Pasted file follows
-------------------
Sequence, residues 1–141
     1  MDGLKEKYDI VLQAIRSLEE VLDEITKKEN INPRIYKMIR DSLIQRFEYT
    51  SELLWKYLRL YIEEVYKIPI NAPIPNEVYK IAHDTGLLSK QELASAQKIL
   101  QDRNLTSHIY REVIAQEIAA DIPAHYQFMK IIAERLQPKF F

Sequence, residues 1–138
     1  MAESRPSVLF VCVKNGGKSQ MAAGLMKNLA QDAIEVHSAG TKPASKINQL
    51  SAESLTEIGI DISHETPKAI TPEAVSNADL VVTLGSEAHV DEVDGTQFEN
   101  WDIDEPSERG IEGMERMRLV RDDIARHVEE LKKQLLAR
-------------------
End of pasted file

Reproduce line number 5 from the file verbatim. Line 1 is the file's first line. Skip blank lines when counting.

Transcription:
Sequence, residues 1–138